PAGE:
It is unrealistic to expect some Australians employed in physically demanding roles to work until they are 70, according to outgoing treasury head Martin Parkinson.
The retirement age in Australia will rise to 70 from 2035. The measure was announced in the federal budget and is designed to ensure the system is sustainable as the population ages.
“We can’t realistically expect the brick layer to become a brain surgeon,” Parkinson said.
Speaking at a business lunch in Sydney, Parkinson said the country needs to consider how it would provide roles for older Australians who would not be able to continue physically demanding jobs.
“I’ve got to be frank and say I think we as a community haven’t yet come to grips with that,” he said.
“It is unrealistic, as you implied, to believe that someone who is doing manual heavy labour can necessarily go through to age seventy,” Parkinson said in response to a question from the floor.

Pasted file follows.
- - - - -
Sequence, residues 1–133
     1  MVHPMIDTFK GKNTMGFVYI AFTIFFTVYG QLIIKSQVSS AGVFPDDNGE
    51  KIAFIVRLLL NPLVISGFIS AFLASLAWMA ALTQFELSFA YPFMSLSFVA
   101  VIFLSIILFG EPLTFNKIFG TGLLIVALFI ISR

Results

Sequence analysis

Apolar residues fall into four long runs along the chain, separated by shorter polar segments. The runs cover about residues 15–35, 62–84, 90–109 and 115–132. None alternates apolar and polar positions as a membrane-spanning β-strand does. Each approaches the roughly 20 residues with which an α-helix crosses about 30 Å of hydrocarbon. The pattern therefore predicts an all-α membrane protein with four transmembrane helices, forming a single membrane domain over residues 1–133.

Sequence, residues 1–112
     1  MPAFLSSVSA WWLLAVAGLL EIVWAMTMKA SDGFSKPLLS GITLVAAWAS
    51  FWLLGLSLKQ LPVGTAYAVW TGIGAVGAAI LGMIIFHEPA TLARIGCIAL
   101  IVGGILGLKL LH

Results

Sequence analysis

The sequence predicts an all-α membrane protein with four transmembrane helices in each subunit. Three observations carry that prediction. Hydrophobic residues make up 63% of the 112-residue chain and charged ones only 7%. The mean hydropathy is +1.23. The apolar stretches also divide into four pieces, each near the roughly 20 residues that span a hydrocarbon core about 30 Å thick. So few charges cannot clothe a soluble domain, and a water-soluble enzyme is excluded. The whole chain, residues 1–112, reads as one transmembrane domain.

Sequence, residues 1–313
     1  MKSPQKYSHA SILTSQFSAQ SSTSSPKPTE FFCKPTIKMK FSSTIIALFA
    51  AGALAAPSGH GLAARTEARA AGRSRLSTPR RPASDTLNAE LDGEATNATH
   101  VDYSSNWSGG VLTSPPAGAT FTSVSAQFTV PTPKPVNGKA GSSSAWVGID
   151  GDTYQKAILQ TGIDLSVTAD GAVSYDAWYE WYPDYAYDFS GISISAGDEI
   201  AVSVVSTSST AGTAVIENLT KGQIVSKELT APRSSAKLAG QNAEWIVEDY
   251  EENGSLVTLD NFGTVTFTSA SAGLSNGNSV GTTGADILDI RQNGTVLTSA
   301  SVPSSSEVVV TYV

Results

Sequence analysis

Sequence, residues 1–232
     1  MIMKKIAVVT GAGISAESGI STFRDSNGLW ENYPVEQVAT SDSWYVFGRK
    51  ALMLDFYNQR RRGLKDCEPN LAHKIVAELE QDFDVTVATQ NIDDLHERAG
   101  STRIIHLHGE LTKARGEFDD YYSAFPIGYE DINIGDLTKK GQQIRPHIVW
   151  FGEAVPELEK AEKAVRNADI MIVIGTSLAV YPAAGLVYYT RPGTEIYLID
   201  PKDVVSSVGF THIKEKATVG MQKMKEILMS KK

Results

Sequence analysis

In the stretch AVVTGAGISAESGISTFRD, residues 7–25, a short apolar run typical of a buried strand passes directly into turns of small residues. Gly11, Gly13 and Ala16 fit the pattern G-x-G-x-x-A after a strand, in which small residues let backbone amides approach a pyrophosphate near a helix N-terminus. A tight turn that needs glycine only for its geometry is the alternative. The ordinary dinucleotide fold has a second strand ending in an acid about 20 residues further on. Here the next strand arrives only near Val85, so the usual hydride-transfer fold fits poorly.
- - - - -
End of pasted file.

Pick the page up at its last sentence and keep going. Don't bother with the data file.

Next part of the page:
“Some people may be able to — they may just be lucky,” he said.
“But I think what that leads us to — and remember we are not going to 70 until the mid 2030s — but what that leads up to is a need to start to think more seriously about how people manage different careers through their life, and how we manage the transition from one to another.
“As a society we are going to have to think about that. Some people have, but I think collectively that’s unfinished business.”
Measures to encourage businesses to hire older workers were included in the budget unveiled last week. These include a $10,000 payment to companies that hire a person over age 50 on a full-time basis, who was also formerly on benefits, or a pro-rata subsidy for part-time roles.
The 2014 budget will be Parkinson’s last as treasury secretary, after Treasurer Joe Hockey asked the prime minster to extend his term earlier this year. The prime minister has previously said he wanted to replace Parkinson due to the stark difference in economic policy between the current and former government.
Hockey’s first budget as treasurer contains several contentious measures designed to bring the budget back to surplus by the beginning of the next decade, including significant spending cuts and tax increases.
Parkinson also argued in his speech that tough decisions were necessary to rein in Australia’s finances, ensuring the country is able to withstand an economic shock in the coming years.
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